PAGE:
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Big Benefits Of Electric Vehicles

Even though the electric car has been around in some shape or form for in excess of 100 years, it is only recently that it has made any strides towards the mass market. Tesla has been one of the frontrunners in the sector and the launch of the company’s Tesla Model 3, the group’s first mass-market vehicle, has been an unprecedented success. The company took pre-orders totalling $14 billion with hundreds of millions of dollars put down as part payment. So, what are the real long-term benefits of electric vehicles?


We all know about the harmful emissions from traditional petrol/diesel vehicles which add to air pollution. Over the years we have seen many examples of air pollution impacting the environment, the weather and elements of everyday life such as health. So, perhaps one of the real long-term benefits of electric vehicles is the fact they have zero emissions at source.

It would be unfair to suggest that the whole electric vehicle cycle is a zero emission system when in reality this is not the case. There is a need to create the electric power, transferred via batteries, to run these vehicles and there are obviously emissions related to this. The level of emissions created in this process will depend upon how the electricity is created as we see more and more environmentally friendly power systems being built. In a worst-case scenario, the level of emissions from this particular stage of the electric car revolution is minimal compared to traditional vehicles.

Minimal repairs

As there are only two or three moving parts in an electric vehicle this has had a massive impact upon general wear/tear and repairs. Critics might suggest this is one reason why it has taken so long for the electric vehicle to hit the mass market because obviously car companies have a vested interest in supplying spare parts. When you also consider the current system used to produce spare parts most of any emissions from this area would also be eliminated.

It stands to reason that a vehicle with few moving parts is likely to be more reliable, as there is less that can go wrong, so this is also a strong positive going forward. It may take some time to build up a network of qualified tradespeople to both service and repair electric vehicles but this will happen in due course when the market is large enough. In the meantime it may be a case of searching your area for an electric vehicle expert and checking out the best price.

Inner-city driving

While we have covered a lack of emissions from electric vehicles, one area which will benefit enormously in the years ahead is large cities such as London.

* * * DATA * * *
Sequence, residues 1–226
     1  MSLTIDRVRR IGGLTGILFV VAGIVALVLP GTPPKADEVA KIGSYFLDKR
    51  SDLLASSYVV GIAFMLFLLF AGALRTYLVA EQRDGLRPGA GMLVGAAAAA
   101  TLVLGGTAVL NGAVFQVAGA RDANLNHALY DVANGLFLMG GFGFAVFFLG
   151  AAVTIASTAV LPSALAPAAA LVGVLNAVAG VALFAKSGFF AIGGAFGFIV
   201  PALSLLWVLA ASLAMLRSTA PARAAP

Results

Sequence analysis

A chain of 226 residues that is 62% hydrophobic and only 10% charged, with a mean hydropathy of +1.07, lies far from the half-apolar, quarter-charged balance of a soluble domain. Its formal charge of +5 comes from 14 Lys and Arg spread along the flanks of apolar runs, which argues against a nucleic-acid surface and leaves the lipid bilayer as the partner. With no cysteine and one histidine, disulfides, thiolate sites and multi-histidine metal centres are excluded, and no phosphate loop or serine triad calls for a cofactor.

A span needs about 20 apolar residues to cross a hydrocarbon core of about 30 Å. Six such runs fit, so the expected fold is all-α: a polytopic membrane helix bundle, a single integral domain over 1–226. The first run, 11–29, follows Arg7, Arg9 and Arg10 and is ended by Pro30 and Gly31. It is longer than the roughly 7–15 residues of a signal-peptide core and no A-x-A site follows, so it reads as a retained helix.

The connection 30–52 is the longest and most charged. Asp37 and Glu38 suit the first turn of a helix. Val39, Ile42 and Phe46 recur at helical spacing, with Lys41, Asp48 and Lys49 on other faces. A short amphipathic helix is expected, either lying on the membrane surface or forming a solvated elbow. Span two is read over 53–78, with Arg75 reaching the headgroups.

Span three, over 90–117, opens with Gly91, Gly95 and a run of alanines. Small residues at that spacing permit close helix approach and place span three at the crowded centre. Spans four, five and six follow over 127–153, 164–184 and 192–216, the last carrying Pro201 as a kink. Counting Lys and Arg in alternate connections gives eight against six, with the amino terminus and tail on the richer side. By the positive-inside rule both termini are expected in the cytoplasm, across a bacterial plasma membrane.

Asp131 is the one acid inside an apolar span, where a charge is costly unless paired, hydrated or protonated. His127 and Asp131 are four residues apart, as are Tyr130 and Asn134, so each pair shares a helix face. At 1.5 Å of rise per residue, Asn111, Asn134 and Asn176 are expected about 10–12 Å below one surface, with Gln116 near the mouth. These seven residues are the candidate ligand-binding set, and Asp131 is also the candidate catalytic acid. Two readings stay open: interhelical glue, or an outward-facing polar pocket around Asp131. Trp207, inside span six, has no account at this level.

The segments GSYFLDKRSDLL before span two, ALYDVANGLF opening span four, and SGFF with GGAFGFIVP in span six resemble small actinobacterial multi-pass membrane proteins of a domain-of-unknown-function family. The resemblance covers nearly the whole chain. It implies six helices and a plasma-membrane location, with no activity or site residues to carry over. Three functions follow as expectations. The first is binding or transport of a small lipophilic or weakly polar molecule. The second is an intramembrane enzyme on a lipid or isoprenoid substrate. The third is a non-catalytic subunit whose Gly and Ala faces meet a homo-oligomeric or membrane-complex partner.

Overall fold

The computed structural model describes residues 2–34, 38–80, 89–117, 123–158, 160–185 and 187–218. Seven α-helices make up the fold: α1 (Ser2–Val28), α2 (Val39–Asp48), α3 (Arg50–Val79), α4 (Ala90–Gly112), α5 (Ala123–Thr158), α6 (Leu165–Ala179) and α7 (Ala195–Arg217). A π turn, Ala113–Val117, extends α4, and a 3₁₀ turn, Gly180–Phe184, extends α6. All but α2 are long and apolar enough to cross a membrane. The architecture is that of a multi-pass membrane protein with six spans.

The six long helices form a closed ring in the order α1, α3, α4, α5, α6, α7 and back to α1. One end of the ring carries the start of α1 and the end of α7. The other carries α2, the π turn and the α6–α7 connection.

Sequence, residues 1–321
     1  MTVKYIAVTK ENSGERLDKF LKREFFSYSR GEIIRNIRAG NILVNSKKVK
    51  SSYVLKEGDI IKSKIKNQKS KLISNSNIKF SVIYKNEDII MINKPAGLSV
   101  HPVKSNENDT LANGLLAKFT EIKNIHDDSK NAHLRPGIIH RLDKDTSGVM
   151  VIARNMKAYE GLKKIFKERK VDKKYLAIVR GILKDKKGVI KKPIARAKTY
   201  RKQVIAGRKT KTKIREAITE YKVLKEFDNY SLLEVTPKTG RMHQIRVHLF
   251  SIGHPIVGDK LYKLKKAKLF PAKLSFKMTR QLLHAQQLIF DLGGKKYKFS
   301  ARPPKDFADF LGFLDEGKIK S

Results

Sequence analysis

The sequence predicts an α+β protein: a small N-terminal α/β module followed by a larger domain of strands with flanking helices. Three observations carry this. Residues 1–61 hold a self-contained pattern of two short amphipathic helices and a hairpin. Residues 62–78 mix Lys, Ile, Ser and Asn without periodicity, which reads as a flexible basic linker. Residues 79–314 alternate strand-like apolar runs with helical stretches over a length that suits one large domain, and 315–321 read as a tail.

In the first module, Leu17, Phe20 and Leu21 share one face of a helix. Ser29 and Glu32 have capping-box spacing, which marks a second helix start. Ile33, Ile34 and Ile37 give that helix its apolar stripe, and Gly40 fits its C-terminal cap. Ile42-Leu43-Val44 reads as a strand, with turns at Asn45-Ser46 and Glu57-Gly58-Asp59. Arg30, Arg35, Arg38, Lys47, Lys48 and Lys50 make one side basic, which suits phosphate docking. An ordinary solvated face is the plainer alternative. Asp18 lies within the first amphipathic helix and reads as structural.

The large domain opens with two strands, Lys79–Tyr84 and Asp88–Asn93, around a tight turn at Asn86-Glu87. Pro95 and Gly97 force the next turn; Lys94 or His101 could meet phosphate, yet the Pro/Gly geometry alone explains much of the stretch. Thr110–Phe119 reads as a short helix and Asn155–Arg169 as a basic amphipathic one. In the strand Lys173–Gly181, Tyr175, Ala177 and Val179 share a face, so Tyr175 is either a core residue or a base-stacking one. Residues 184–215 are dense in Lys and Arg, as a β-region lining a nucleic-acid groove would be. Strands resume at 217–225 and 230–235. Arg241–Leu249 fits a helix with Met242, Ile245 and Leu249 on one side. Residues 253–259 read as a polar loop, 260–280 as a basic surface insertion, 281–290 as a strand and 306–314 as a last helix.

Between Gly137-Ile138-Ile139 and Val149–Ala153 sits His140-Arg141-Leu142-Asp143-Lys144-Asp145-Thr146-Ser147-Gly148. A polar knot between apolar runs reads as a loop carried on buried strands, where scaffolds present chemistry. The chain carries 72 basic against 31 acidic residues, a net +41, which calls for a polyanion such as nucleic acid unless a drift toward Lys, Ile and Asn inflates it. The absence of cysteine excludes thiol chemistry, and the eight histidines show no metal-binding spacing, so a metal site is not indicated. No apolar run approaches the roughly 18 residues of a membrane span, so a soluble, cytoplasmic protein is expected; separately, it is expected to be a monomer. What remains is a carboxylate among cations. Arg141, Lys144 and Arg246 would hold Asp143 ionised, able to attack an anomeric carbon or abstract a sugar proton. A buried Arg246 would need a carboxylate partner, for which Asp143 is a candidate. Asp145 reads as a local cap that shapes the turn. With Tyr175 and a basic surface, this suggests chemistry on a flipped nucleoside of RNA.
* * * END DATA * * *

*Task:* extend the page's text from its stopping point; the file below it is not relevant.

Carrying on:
The density of large buildings in cities such as London has a seriously detrimental impact upon air quality. A lack of direct wind flow ensures that unhealthy emissions remain in the atmosphere for longer than they would normally leading to problems with health such as asthma. Several large cities around the world already have congestion controls to reduce the emissions from internal combustion engine vehicles and many of these cities will eventually ban petrol/diesel vehicles in favour of all electric.

At this moment in time there are tax benefits to driving electric vehicles and at some stage there will be areas of large cities and large towns which are only accessible by electric vehicles. Tesla is currently working on an electric truck and we know that some leading delivery services already have electric vehicles at their disposal. The idea that petrol/diesel vehicles could be outlawed within 20 years is perhaps ambitious but there is no doubt that there will be ongoing restrictions on their use.

Electric vehicle prices

As with any relatively new industry it will take some time for the benefits of mass-market production to filter through to electric vehicle prices. The new Tesla Model 3 is priced at around 35,000 USD which is touching mass-market accessibility but hopefully the price will fall further as the number of vehicles grows and efficiency savings are secured. This is a natural progression for any new service or new product and with governments around the world incentivising electric vehicle users via the tax system, hopefully mass-market production prices are not too far away.

One area which may take a little longer to develop is that of electric vehicle car insurance with a distinct lack of competition at this moment in time. Personal injury claims with regards to electric vehicle incidents may also be slightly more complicated than a traditional road accident personal injury claim because of the electric power involved. This has prompted some confusion and conflicting opinions amongst experts.

How will this impact the way in which the emergency services react? What type of additional training will be required for those dealing with electric vehicle incidents? Will changes need to be made regarding the law for all road accident These are all issues which will be addressed in due course because as the market grows so will investment in so many different areas.

Where Does Your Recycling Waste Really Go?